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What is Warehouse Automation?



Warehouse automation can be hugely impactful in the way of optimising productivity and increasing efficiency. Typical challenges facing the running of a warehouse include human error, high operational costs, safety risks, and high processing time; these are all areas of workflow that can benefit from implementing automation in your warehouse.


Warehouse automation is a rapidly growing and improving sector of warehouse management; the warehouse automation adoption rate was only 8% in 2019, however, it is expected to rise to 45% by 2030.


Warehouse automation is the process of automating the movement of inventory to reduce human intervention. It can allow businesses to eliminate labour-intensive or repetitive tasks to increase worker satisfaction, as well as speed and accuracy of tasks.


Automation can be both partial, or full, and can start with a simple warehouse management system involving data collection and inventory control. It has significant upfront costs, but has many benefits, and generates a return on investment through its increase in efficiency and optimised output.


Physical automation is a way of utilising technology in order to minimise employee movements and create more efficient workflows. Integrating robotics is one example of this automation. These systems are, however, more suited for large-volume warehouses that have the space to accommodate the specialised equipment that is required.


Warehouse automation works by using software and technology, such as robotics and sensors, in order to automate tasks. They can work in conjunction with existing tools and inventory management software.


Different types of warehouse automation:


Basic warehouse automation: this refers to automation based on simple technology that can assist workers with manual labour tasks. For example, implementing a conveyor in order to move inventory around.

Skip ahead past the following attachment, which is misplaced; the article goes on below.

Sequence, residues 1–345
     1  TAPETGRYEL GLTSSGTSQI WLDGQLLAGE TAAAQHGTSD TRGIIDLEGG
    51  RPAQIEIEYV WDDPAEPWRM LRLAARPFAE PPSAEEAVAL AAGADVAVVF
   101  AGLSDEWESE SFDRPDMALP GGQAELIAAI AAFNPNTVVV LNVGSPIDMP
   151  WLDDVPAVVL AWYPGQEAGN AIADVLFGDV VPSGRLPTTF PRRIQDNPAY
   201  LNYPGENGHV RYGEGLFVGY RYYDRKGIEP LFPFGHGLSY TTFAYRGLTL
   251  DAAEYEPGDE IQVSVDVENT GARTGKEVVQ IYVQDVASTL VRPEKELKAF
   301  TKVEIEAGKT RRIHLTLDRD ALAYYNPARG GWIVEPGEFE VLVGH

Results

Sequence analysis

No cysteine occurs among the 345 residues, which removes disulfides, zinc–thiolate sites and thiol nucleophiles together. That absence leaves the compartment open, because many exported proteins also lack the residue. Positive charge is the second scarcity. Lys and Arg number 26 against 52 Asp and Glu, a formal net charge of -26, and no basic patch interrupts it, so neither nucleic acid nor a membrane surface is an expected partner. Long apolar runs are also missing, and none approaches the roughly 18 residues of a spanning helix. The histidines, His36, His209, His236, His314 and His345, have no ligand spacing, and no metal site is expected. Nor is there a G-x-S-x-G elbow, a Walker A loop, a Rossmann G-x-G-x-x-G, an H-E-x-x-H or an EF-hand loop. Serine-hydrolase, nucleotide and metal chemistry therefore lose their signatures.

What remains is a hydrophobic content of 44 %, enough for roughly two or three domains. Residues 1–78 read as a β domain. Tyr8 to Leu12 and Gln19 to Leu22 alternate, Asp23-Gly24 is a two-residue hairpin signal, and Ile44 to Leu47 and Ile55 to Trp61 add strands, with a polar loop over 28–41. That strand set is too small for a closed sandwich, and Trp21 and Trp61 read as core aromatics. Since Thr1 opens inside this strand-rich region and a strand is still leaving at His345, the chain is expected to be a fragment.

Warehouse system automation: this system uses software, machine learning, robotics , and data analytics in order to automate tasks and procedures. For example, a warehouse management system.


Mechanised warehouse automation: this system uses robotic equipment and systems to assist humans with warehouse tasks and procedures. For example, autonomous mobile shelf loader robots.


Advanced warehouse automation: this combines mechanised robotics with automation systems and can replace labour intensive workflows. For example, robotic forklifts can navigate warehouses.


Warehouse automation technology:


Due to the wide range of technologies and systems available, there are many different types of warehouse automation technology, and they fit into the different types of warehouse automation in order to optimise your business.


Goods-to-Person (GTP): goods-to-person fulfilment is one of the most popular methods for increasing efficiency and reducing congestion. This category includes conveyors, carousels and vertical lift systems.

Automated Storage and Retrieval Systems (AS/RS): AS/RS are a form of GTP fulfilment technology that includes automated systems and equipment like material-carrying vehicles, tote shuttles and mini-loaders to store and retrieve materials or products.